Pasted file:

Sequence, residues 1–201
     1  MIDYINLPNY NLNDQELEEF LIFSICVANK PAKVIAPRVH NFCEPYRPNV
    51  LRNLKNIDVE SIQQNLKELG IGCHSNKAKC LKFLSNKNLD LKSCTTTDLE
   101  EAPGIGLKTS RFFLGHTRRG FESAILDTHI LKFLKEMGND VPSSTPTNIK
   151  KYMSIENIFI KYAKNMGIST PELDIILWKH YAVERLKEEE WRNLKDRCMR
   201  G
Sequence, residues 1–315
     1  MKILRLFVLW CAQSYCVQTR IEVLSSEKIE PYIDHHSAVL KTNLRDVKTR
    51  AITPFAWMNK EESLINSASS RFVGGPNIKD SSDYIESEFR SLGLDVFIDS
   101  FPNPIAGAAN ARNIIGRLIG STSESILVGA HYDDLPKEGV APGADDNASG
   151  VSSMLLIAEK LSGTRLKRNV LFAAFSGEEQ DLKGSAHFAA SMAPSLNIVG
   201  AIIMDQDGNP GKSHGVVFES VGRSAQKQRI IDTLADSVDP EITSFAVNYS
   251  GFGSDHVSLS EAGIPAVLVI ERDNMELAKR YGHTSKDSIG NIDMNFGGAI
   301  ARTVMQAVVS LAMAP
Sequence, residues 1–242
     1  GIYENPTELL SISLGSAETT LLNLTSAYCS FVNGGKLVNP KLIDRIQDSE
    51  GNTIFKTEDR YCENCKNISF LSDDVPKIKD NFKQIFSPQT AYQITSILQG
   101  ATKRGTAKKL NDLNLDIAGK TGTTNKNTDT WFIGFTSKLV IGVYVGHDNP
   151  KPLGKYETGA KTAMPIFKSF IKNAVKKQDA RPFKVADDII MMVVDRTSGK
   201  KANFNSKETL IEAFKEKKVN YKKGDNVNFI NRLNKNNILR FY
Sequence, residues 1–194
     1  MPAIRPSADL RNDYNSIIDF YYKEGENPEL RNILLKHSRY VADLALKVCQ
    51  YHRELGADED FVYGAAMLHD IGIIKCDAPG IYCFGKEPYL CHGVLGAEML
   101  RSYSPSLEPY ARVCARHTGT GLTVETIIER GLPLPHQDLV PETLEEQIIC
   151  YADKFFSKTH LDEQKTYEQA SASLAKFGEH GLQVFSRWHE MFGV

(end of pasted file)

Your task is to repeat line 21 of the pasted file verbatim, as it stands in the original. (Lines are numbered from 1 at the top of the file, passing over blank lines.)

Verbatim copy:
Sequence, residues 1–194